In the same way as our twenty years of boom seems to some extent to have been at the cost of some of the more traditional patterns in human relationships, the big bears downside will have features many will find virtues.
This resonated with my intuition big time.....
Government grows powerful, and sweeping new legislation is enacted. The old 1990s rule was: just compete and stay off the state's radar screen. The new 2010s rule will be: better have a presence in Washington so you're not dealt out of the "new" new deal. One political party tends to dominate. The Democrats under FDR during the last Fourth Turning offer a good example. While Neil Howe doesn't think it will necessarily be the Democrats this time around, they are certainly in the pole position at this point.
While public history speeds up, personal life slows down. Families will spend more time together, like in the old Frank Capra movies. Ever more households will be multi-generational, a trend now spurred by Boomers with large, empty McMansions and Millennials without jobs. There will be a blanding of the pop culture, with the entertainment of the young (put Miley Cyrus or "High School Musical" on fast forward) increasingly regarded as tamer than the entertainment of the old.
Innovation tends to stagnate, while a few new technologies will be chosen to be adopted on a large scale. We will see the equivalent of canals or railroads or interstates being built across America. To borrow from Carlotta Perez' four-stage description of technological revolutions, we are moving from the "innovation" to the "implementation" stage.
New laws and regulations will do less to referee a free market and more to pursue one or another national priority. They will increasingly favor the large producer over the retail buyer, investment over consumption, planning over risk, debt over equity. Businesses will hustle to reposition themselves. Anti-trust legislation will weaken.
The authority and obligations of community will strengthen at all levels, from local to national and possibly beyond (if our alliances prove durable). Personal reputation and membership will matter more. A "new localism" will reshape town and urban planning. A global slide toward national or regional protectionism will loom as a real danger.
It is too early to tell whether the crisis will ultimately be inflationary or deflationary, though we at Casey Research come down on the side of inflation for the simple reason that the government possesses the means to inflate. Due to the gold standard, that was not the case early in the Great Depression.
In the past, Fourth Turning periods have always resulted in the nation redefining who we are in some essential way. That was certainly the case during the American Revolution, when we transitioned from a British colony into a collection of independent states -- and the Civil War, when those states were hammered into a single nation. And, again, after World War II, when the U.S. went from being a relatively isolated nation to a global empire. A wild card, for instance a terrorist nuke going off in a city anywhere on the planet, could similarly take the country, and the world, into unforeseeable new directions.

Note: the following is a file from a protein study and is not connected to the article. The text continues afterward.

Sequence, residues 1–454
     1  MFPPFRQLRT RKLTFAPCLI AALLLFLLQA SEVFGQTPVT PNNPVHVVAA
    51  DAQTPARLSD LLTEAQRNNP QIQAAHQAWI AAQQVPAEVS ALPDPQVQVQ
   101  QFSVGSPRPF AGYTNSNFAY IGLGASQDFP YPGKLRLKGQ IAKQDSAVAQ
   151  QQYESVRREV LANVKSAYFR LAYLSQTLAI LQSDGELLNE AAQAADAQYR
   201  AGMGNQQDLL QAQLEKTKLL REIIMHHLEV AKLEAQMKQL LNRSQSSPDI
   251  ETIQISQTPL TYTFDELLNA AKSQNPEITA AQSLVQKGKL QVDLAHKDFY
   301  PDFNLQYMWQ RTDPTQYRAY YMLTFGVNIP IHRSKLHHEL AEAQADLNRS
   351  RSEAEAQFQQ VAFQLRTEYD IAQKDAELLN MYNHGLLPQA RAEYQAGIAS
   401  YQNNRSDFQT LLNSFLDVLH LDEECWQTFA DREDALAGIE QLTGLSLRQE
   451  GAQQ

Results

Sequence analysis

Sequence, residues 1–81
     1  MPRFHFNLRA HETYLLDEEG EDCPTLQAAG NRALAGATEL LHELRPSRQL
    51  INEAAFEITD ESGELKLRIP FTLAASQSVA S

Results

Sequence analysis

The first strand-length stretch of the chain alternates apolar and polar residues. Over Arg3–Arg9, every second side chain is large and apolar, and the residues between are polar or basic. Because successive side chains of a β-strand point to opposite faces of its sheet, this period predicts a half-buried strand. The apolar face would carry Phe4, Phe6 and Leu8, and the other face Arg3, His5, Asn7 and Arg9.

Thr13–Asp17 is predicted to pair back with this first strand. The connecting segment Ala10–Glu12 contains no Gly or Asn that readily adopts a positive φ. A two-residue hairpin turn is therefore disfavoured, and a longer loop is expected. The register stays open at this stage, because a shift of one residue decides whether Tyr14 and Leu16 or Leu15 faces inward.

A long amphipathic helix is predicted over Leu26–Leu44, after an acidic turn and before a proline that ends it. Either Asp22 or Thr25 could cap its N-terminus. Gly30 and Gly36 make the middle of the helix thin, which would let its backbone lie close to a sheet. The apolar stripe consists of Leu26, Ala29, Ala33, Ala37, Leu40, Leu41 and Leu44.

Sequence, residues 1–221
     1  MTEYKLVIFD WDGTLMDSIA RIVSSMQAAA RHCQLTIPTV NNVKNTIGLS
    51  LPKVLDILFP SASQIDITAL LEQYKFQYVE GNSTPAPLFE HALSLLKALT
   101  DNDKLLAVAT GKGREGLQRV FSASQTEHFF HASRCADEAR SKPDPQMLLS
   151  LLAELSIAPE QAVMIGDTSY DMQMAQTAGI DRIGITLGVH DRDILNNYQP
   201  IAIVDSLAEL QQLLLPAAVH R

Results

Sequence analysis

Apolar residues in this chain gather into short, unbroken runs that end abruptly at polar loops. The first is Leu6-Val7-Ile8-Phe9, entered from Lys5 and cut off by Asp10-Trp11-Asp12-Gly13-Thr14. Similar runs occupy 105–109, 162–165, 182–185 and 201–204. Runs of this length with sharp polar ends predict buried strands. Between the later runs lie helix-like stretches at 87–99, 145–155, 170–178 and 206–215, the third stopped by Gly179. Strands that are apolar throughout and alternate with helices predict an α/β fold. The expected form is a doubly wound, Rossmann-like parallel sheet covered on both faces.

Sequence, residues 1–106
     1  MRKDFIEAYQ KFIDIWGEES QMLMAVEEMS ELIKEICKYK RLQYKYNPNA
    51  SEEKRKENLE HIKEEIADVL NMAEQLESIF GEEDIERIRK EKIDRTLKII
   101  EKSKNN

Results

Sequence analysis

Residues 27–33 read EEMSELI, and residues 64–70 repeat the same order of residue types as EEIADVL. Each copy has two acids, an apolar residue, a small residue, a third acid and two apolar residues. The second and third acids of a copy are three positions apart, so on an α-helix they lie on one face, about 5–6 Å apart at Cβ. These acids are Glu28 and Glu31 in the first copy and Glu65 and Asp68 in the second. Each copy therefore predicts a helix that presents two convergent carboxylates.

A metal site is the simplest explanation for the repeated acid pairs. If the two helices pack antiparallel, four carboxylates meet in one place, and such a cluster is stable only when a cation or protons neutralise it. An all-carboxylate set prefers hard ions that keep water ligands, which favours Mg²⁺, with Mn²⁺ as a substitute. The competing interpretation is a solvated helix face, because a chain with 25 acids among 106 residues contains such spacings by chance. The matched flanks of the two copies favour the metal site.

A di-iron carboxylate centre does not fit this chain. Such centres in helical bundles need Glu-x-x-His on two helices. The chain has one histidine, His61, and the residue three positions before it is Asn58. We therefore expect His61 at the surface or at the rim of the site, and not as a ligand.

li>Baby Boomers will continue to be respected for their cultural achievements (it's not a fluke of history that Boomer music and other entertainments are still wildly popular among the young), but will be increasingly ignored in the political debate. The term "senior citizen," already in decline, will disappear entirely. And if push comes to shove, Boomer's financial interests – including Social Security – will be subjugated "for the greater good."
There will be a growing push to rebuild the middle class. The wealthy and the impoverished alike will both come under pressure thanks to new pro-middle class initiatives. If you are a high-income earner, it's a certainty your taxes are going up, and likely by a lot. If you want to make a fortune, don't pursue the niche or the "long tail." Invent the next big brand that will appeal to Everyman.
Brands that are authentic, healthy, sustainable and righteous will rule, OK.
Even Mauldin is past muddling though...
Secondly, speaking as a Baby Boomer and someone with a lifelong distrust of government and its meddling institutions, talking to Neil left me feeling oddly relaxed -- letting go, if you will, of some of the frustration that has been building within me as I watch the nanny state grow more and more bloated.
That is not to say we won't continue to speak out against government waste and prolificacy. We will. But it seems increasingly clear that we're now caught up in a powerful trend toward bigger, not smaller, societal institutions -- and that these institutions will, over the period ahead, change the world as we know it.
Of course, being active investors, at the same time we raise our voices in protest, we'll deal with the reality of the situation by strategically positioning our portfolios to profit from the coming changes.
And so, like the Rockefellers and J.P. Morgan during the Great Depression, we'll make the trend -- to matter how negative -- our friend. You may want to consider doing so yourself.
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